resolutions_option_1.jpegI’ve made a New Year’s resolution every year. From “hit the gym more” to “stop slouching at my desk” to “avoid that bowl of peanut M&Ms in the office,” my resolutions have run the gamut. This year, I’ve resolved to be more mindful: be more mindful of what my body and mind need to function and feel good, and to be more mindful of how I use my time every day. This definitely isn’t a small resolution, and it’s going take a lot of dedication on my part to ensure that I’m actively making choices that are good for me.

I’ve always had a hard time sticking to my resolutions for more than a few weeks before I slide back into old habits, and I know I’m not the only one with that problem. So, I compiled a few tips that I’ve been putting into practice so far this year: 

  1. Make sure your resolution is specific. “Be more mindful” sounds like a great resolution, but it’s still pretty nebulous, right? Because of that, I’ve broken it down into smaller, more manageable action items. To be more mindful of my body and mind in order to feel good, I’m concentrating on eating whole foods and moving more. And, to be more mindful of how I use my time, I’m making daily...

so_your_child_is_a_bully_option_2.jpegNow that you’ve learned some of the signs that your child may be a bully, here are some tips for how you can intervene and correct this behavior. 

  1. Meet with your child’s teachers. Your child’s teachers will have insight into how your child behaves in the classroom and on the playground, and can fill you in on the details you’re likely not hearing at home.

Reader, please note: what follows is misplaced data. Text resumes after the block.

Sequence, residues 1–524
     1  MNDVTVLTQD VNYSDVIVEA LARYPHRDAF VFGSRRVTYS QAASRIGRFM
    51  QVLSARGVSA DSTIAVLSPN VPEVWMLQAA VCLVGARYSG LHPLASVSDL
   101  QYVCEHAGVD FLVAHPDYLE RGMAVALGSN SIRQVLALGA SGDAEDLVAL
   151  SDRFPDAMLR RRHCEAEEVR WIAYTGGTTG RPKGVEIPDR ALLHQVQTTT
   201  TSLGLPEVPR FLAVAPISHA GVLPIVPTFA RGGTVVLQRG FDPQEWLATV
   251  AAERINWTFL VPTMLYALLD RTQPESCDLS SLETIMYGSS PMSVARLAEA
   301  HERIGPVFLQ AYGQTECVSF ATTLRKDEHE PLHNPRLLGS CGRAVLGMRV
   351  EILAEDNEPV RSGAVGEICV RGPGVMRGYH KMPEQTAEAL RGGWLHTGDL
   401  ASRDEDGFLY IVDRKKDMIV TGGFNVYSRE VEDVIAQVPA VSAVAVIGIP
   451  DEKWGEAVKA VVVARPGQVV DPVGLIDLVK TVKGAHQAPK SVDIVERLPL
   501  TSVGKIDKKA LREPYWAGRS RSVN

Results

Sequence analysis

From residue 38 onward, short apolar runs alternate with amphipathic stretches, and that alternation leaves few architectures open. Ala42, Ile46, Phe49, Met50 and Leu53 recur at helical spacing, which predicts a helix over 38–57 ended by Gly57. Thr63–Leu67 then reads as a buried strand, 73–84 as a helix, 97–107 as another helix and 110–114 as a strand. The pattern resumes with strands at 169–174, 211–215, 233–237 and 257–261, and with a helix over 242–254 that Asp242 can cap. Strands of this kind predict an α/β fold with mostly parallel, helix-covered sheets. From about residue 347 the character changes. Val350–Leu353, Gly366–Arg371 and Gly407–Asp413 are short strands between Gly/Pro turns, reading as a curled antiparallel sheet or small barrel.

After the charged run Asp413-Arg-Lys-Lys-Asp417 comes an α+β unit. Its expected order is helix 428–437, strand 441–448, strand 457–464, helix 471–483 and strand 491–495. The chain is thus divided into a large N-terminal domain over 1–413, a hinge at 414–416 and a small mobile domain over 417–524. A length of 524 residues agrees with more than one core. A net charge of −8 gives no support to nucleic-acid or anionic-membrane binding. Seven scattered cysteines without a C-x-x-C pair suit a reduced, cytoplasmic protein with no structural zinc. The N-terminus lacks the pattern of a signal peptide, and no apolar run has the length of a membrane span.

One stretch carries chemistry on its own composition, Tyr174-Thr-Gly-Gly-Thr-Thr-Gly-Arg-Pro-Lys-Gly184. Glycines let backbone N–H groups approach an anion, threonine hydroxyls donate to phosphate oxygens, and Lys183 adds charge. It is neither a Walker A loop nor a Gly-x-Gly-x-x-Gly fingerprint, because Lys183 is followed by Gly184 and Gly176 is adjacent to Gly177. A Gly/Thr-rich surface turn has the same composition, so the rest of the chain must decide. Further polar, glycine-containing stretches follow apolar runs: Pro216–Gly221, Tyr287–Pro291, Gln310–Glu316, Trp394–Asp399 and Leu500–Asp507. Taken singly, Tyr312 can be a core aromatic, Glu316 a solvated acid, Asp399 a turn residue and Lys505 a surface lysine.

2. Talk to your child about their behavior. Have a conversation with your child – reassure them that you will love them no matter what, and that their behavior is something you will work on together. Remind them that their bullying, whether physical, verbal, or online, is causing others pain—and ask them if there might be a reason why they are lashing out. Often, bullying behaviors can be fueled by feelings of insecurity or a lack of control.
  3. Find teachable moments. Whether you’re watching a TV show together or you witness bullying at the mall, find the underlying lesson and engage in dialogue with your child so they truly understand what bullying is and who its impacts.
  4. Monitor social media. You’re the parent and you make the rules. One rule you can implement is that you have full access to your child’s social...

child_is_a_bully_option_5.jpgWe all remember that one person in elementary school – the one who constantly teased the smallest girl in the class, or forced the boy who dropped his lunch tray all over himself to relive the moment again and again. That one classmate was a bully, someone who tries to hurt others by making them feel uncomfortable, physically hurting them, calling them names, or spreading rumors. And while some childhood trends come and go, bullying is a trend that, unfortunately, just won’t go away – almost one in three children in grades six through 10 experience bullying. Today’s bullying isn’t limited to the playground, though. Bullying has extended to the digital world as well, infiltrating social media – 35% of children report that they have been threatened online.